In 1807, to commemorate the beginning of the land surveying by the Napoleonic geographer Jean Joseph Tranchot, an obelisk made of bluestone was erected on the Lousberg in Aachen , based on the design of Capitaine Boucher . From here, further points in the area were determined using the triangulation method, with the help of which the area could finally be mapped . The deposition of Napoleon on April 2, 1814 caused the monument to be destroyed. On May 15, 1815, however, the obelisk was rebuilt by order of the Prussian baron Karl von Müffling , who also continued the surveying work on behalf of the Kingdom of Prussia . Used as an auxiliary point for the triangulation, there is another bluestone obelisk within sight of the Lousberg obelisk in the Paulinenwäldchen near Aachen.
In 1823 the obelisk on the Löwenwall was erected in Braunschweig based on a design by Peter Joseph Krahe in honor of the Brunswick dukes Karl Wilhelm Ferdinand and Friedrich Wilhelm who fell in the Napoleonic Wars .
The tallest stone structure in the shape of an obelisk, the Washington Monument in Washington, DC with its 169 m height, was completed in 1884, but is actually just a tower. In its time - up to the completion of the Eiffel Tower in 1889 - it was the tallest building on earth and thus replaced Cologne Cathedral .
Obelisk of modernity
The state monument in Wiesbaden, dedicated to Duke Adolph in 1909, was designed by Fritz Gerth . He placed a four meter high classical bronze statue in front of a massive stone obelisk eight meters high.
The 173 m high San Jacinto Monument near Houston, opened in 1939, is hollow in the form of an octagonal column bearing the Texas star, made of concrete and clad with limestone from Texas. The Chuch'e Tower in Pyongyang , inaugurated in 1982 on the 70th birthday of Kim-Il Sung - including the 20-meter-high, bright red tower , is only three meters lower, but made of granite blocks under white stone cladding .
Mussolini Obelisk in Rome, largest monolith made in the 20th century (1932)
Motorway obelisk in Dresden-Kaditz (1937)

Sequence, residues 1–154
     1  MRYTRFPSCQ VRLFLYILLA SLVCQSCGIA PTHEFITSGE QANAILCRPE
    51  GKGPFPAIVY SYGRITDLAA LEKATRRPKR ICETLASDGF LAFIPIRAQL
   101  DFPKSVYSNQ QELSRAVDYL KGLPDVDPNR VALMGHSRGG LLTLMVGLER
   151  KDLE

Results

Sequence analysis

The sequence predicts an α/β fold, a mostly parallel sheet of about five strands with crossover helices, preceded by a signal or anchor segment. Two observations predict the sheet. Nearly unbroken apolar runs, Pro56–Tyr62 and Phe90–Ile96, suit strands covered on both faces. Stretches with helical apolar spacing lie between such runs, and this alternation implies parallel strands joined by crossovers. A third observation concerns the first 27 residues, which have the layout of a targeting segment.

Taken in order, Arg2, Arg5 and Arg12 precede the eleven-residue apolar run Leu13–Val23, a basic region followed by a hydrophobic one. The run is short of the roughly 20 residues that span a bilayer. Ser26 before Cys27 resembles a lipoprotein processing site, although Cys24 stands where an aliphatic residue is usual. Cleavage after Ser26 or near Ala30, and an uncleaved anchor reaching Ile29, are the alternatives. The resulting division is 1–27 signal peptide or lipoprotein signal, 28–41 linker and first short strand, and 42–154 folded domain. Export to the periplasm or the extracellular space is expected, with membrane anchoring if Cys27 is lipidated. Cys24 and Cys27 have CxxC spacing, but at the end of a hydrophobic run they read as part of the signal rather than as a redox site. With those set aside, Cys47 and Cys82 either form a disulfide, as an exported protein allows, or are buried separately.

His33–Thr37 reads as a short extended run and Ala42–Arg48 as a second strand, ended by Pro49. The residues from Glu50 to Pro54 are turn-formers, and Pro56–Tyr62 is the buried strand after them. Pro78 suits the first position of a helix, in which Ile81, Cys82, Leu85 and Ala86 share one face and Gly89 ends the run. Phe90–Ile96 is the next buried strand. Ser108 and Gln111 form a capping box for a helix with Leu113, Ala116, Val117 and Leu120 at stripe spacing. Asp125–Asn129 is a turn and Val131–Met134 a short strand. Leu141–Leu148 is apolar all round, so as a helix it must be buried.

Sculpture "Obelisk" by Michael Deiml in Langenhagen (2000)
Since the Renaissance , small obelisks - mostly bricked and sometimes with spheres at the top - have been placed on portals, gables and in the corners of churches and palaces as sovereign symbols, which have been enhanced in terms of their importance but also purely optically.
Dijon , Église St-Michel - Obelisk on the central gable
Isola Bella - obelisks as elements of garden design
- The comic figure “ Obelix ” from the Asterix booklets is named after Obelisk , even if reference is often made to a typographic symbol with a corresponding name. Turf contributed a story about Obelix 'brother "Obelisk" for the birthday edition of Obelix and his friends .
- The obelisk is also used as a sign by the Freemasons .
- Manfred Barthel: The grandchildren of Archimedes: a slightly different cultural history of hoists. Schlütersche Verlagsanstalt, Hanover 1995, pp. 27-28, 91-99.
- Hans Bonnet : Obelisk. In: Lexicon of Egyptian Religious History. Nikol, Hamburg 2000, ISBN 3-937872-08-6 , pp. 539-542.
- Jutta Börker-Klähn : Ancient Near Eastern picture steles and comparable rock reliefs (= Baghdad Research. Vol. 4). von Zabern, Mainz 1982.
- Bern Dibner : Moving the Obelisk. MIT Press et al., Cambridge et al. 1950, reprinted 1970.
- Henry H. Gorringe: Egyptian Obelisks . New York 1882.
- Labib Habachi : The immortal obelisks of Egypt (= ancient world. Special volume. Zabern's illustrated books on archeology ). Revised and expanded new edition, von Zabern, Mainz 2000, ISBN 3-8053-2658-0 .
- Wolfgang Helck , Eberhard Otto : Obelisk. In: Small Lexicon of Egyptology. Harrassowitz, Wiesbaden 1999, ISBN 3-447-04027-0 , pp. 208f.
- Erik Iversen: Obelisk in exile. Volume 1: The obelisks of Rome. Gad, Copenhagen 1968.
- Karl Martin: Obelisks: quarrying, transporting and erecting. In: Kathryn A. Bard (Ed.): Encyclopedia of the Archeology of Ancient Egypt. Routledge, London 1999, ISBN 0-415-18589-0 , pp. 587-589.
- Susan Sorek: The Emperors' Needles. Egyptian Obelisks and Rome. Bristol Phoenix Press, Exeter 2010, ISBN 978-1-904675-30-3 (Review by Andrea Schütze, in Bryn Mawr Classical Review. December 8, 2010, online ).
- Armin Wirsching: How the obelisks were erected at the turn of the ages and in the 4th century. In: Gymnasium . Volume 113, 2006, pp. 329-358.
- Armin Wirsching: Transporting and erecting obelisks in Egypt and Rome. Books on Demand, Norderstedt 2007 (3rd edition 2013), ISBN 978-3-8334-8513-8 .
- Klaus Schmidt : You built the first temple. The enigmatic sanctuary of the Stone Age hunters; the archaeological discovery at Göbekli Tepe. Beck, Munich 2006, ISBN 3-406-53500-3 , p. 131.
- Transport and placement: April 30 to September 16, 1586, s. Erik Iversen: Obelisks in exile. Volume 1: The obelisks of Rome. Gad, Copenhagen 1968.
- Erich Hubala : Zierobelisken. Studies on architecture of the 16th century. Dissertation, Munich 1951.